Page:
April 7th, 2008|
Chocolate Dutch Oven Cake
Dutch Oven Cooking
Dutch ovens aren't expensive (as compared to fly rods) and their versatility makes them worth the price. There are many recipes available on the net and there are even contests for those who really enjoy Dutch oven cooking.
Choosing a Dutch Oven
Dutch ovens come in many sizes from small ones designed for individual servings to those so large it takes two or more men to move them. Most people start with a 12 inch dutch oven and move up or down in size for their second. Ovens are made in America and over seas. In my experience you get what you pay for and the American ones are worth the extra cost. The foreign ones have larger pores which make them harder to season and clean. When purchasing an oven shop around, prices vary greatly.
You've purchased your oven now what? When buying a new dutch oven, it will come with a protective coating, which must be removed and the oven seasoned. This means scrub it heat it, and oil it. Instructions come with the oven, or are available online. I recommend doing this for the first time outside as the smoke can be intense.
ToolsThere are as many tools as there are people who use dutch ovens. You need something to move the oven with, something to move coals, and something to protect your hands. For these jobs, I use vice grip pliers, salad tongs and leather work gloves.
Let's Cook Something. At the Idaho Fish-in last fall I cooked a chocolate cherry cake. It was well received and is a good first recipe.
A seasoned 12 inch dutch oven.
One large can or two small cans of Cherry pie filling
Devils food cake mix
7 or 8 Large Marshmallows
Oil the inside of your oven with a light coat of oil.
For ease of cleaning line your oven with foil
Pour pie filling into oven
Mix cake recipe according to package and pour over filling.
Place marshmallows into cake mix distributed evenly across surface
When charcoal is evenly coated with ash, place 10 coals in a pattern on the ground that the oven will just cover. Then place 14 coals across the top of the oven. (Heat rises so to get an even heat you need more coal on top than bottom) This will heat your oven to approximately 350 degrees. Note the time that you start cooking and sit back and sip your favorite beverage. After 10 minutes have passed take your pliers or other tools and rotate the lid ¼ turn to the right then using your gloves, rotate the whole oven ¼ turn to the left. This movement keeps the cake from burning in one spot. Repeat this every 10 minutes until the cake is almost done. See cake box for approximate time (open the lid and check the cake when you turn the lid.) At this point I remove the oven from the bottom coals and allow the coals on top to finish browning the cake. When the cake is almost finished (it will continue to bake as the oven cools) shake or brush the coal and ash from the top and set the oven aside on something that you don't mind scorch marks on until it is time to serve. Serve the cake warm with ice cream or whipped cream.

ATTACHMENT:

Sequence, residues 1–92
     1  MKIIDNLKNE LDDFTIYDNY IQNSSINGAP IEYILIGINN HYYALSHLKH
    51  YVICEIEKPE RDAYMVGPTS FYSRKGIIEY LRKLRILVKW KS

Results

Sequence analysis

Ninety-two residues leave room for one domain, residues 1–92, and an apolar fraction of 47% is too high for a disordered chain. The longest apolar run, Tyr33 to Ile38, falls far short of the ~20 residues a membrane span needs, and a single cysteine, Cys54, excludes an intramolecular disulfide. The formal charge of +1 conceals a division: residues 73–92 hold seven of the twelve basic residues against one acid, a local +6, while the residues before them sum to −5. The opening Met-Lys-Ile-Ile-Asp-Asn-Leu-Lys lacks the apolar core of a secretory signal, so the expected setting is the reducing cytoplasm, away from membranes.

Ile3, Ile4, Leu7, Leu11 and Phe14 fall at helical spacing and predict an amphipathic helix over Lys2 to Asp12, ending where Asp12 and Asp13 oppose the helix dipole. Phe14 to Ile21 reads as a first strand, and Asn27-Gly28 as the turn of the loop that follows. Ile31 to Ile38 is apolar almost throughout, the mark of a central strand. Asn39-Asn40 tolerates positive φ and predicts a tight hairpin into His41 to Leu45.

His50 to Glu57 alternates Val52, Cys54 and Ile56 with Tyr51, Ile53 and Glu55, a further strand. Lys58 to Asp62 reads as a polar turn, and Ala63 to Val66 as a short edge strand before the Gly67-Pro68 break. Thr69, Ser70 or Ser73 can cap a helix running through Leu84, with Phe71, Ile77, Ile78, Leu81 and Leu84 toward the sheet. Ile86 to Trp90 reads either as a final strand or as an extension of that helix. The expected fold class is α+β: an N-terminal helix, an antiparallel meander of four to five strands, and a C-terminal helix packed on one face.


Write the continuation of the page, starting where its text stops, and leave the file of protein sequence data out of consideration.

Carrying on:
With a little practice almost any recipe that can be cooked at home can be cooked in a dutch oven. ~ Eric Lundholm
Previous What's Cookin' Columns
If you would like to comment on this or any other article please feel free to post your views on the FAOL Bulletin Board!
[ HOME ]
[ Search ] [ Contact FAOL ] [ Media Kit ]
FlyAnglersOnline.com © Notice